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Lancet Respir Med. 2014 Aug;2(8):611-20. doi: 10.1016/S2213-2600(14)70097-9. Epub 2014 May 19.

Subphenotypes in acute respiratory distress syndrome: latent class analysis of data from two randomised controlled trials.

Author information

1
Departments of Medicine and Anesthesia, Division of Pulmonary and Critical Care Medicine, University of California San Francisco, San Francisco, CA, USA. Electronic address: carolyn.calfee@ucsf.edu.
2
Department of Psychiatry, University of California San Francisco, San Francisco, CA, USA.
3
Department of Medicine, Division of Pulmonary and Critical Care Medicine, University of Vermont, Burlington, VT, USA.
4
Department of Medicine, Pulmonary and Critical Care Medicine Unit, Massachusetts General Hospital, Boston, MA, USA; Biostatistics Unit, Massachusetts General Hospital, Boston, MA, USA.
5
Department of Medicine, Division of Allergy, Pulmonary and Critical Care, Vanderbilt, University, Nashville, TN, USA.
6
Departments of Medicine and Anesthesia, Division of Pulmonary and Critical Care Medicine, University of California San Francisco, San Francisco, CA, USA; Cardiovascular Research Institute, San Francisco, CA, USA.

Abstract

BACKGROUND:

Subphenotypes have been identified within heterogeneous diseases such as asthma and breast cancer, with important therapeutic implications. We assessed whether subphenotypes exist within acute respiratory distress syndrome (ARDS), another heterogeneous disorder.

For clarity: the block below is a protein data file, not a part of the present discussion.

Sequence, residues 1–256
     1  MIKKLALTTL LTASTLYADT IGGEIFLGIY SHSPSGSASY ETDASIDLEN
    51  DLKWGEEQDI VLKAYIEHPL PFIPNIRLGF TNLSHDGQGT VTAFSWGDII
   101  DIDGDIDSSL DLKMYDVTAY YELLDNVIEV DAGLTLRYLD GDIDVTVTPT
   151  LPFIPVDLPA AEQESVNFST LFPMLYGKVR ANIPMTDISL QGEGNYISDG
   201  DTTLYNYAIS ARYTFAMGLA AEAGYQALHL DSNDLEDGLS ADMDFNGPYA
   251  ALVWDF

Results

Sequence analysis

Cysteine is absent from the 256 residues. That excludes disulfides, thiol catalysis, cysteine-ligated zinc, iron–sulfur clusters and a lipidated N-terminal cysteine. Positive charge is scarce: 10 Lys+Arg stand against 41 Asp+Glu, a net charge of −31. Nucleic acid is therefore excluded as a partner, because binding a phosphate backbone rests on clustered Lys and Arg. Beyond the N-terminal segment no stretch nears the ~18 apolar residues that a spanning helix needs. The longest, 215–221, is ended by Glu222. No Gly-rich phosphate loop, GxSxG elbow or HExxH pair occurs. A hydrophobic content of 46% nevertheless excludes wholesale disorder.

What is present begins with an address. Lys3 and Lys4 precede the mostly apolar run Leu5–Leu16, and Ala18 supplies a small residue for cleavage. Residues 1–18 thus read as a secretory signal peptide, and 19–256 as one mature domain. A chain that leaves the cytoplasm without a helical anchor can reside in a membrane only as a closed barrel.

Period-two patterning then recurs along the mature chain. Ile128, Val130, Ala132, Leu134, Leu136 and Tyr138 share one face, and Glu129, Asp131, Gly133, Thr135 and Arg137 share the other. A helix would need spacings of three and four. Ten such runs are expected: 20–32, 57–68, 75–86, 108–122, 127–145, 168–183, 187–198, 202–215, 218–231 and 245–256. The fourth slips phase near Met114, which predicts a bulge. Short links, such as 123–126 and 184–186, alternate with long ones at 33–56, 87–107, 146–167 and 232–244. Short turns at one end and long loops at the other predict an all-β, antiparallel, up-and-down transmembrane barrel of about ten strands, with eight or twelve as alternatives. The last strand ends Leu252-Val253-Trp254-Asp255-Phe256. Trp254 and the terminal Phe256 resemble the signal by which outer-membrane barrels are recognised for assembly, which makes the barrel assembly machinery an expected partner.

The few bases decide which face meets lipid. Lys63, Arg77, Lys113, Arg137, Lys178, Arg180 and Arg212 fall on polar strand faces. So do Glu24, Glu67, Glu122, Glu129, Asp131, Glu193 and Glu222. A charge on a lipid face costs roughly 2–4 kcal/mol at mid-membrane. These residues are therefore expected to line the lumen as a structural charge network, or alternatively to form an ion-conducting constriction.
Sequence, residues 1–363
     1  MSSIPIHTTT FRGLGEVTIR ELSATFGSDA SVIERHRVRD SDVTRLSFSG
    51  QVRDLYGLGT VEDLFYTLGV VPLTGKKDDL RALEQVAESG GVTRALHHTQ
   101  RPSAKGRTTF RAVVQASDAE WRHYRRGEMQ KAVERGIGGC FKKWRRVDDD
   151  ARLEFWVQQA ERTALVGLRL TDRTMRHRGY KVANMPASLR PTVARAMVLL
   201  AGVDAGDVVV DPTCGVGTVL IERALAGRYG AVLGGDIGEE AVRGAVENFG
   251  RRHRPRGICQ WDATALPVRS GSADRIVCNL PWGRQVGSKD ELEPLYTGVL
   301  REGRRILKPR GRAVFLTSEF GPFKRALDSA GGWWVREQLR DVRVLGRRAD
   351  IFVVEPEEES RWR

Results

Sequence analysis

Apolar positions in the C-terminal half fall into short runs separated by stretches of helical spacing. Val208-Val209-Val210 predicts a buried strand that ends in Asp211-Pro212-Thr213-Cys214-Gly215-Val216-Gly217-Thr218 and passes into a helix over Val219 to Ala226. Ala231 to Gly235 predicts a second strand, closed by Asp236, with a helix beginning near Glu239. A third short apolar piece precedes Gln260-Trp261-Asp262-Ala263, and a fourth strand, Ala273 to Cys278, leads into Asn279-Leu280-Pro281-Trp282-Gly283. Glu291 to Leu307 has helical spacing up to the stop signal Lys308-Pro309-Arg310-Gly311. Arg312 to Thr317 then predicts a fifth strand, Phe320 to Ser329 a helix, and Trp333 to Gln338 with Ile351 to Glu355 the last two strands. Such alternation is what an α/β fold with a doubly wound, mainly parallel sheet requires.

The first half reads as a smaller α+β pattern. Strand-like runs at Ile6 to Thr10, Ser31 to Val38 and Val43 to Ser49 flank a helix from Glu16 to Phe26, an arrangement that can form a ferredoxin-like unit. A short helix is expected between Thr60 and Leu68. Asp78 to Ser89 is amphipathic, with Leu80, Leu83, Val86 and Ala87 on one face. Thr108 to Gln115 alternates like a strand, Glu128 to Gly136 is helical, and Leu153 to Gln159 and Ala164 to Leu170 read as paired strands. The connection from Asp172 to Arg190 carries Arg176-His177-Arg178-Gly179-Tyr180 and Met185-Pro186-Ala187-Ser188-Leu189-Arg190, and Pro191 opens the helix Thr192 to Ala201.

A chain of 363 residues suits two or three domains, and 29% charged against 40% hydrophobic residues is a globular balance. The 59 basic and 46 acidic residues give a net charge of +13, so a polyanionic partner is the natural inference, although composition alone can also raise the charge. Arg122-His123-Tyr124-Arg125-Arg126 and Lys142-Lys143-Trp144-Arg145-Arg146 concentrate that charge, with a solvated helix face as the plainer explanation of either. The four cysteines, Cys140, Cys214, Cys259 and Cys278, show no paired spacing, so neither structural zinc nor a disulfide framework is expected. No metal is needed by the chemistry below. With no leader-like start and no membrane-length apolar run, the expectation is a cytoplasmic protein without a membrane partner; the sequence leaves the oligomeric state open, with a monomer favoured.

METHODS:

We used data from two ARDS randomised controlled trials (ARMA trial and ALVEOLI trial), sponsored by the National Heart, Lung, and Blood Institute. We applied latent class modelling to identify subphenotypes using clinical and biological data. We modelled data from both studies independently. We then tested the association of subphenotypes with clinical outcomes in both cohorts and with the response to positive end-expiratory pressure (PEEP) in the ALVEOLI cohort.

FINDINGS:

We analysed data for 1022 patients: 473 in the ARMA cohort and 549 in the ALVEOLI cohort. Independent latent class models indicated that a two-class (ie, two subphenotype) model was the best fit for both cohorts. In both cohorts, we identified a hyperinflammatory subphenotype (phenotype 2) that was characterised by higher plasma concentrations of inflammatory biomarkers, a higher prevalence of vasopressor use, lower serum bicarbonate concentrations, and a higher prevalence of sepsis than phenotype 1. Participants in phenotype 2 had higher mortality and fewer ventilator-free days and organ failure-free days in both cohorts than did those in phenotype 1 (p<0·007 for all). In the ALVEOLI cohort, the effects of ventilation strategy (high PEEP vs low PEEP) on mortality, ventilator-free days and organ failure-free days differed by phenotype (p=0·049 for mortality, p=0·018 for ventilator-free days, p=0·003 for organ-failure-free days).

INTERPRETATION:

We have identified two subphenotypes within ARDS, one of which is categorised by more severe inflammation, shock, and metabolic acidosis and by worse clinical outcomes. Response to treatment in a randomised trial of PEEP strategies differed on the basis of subphenotype. Identification of ARDS subphenotypes might be useful in selecting patients for future clinical trials.

FUNDING:

National Institutes of Health.

PMID:
24853585
PMCID:
PMC4154544
DOI:
10.1016/S2213-2600(14)70097-9
[Indexed for MEDLINE]
Free PMC Article

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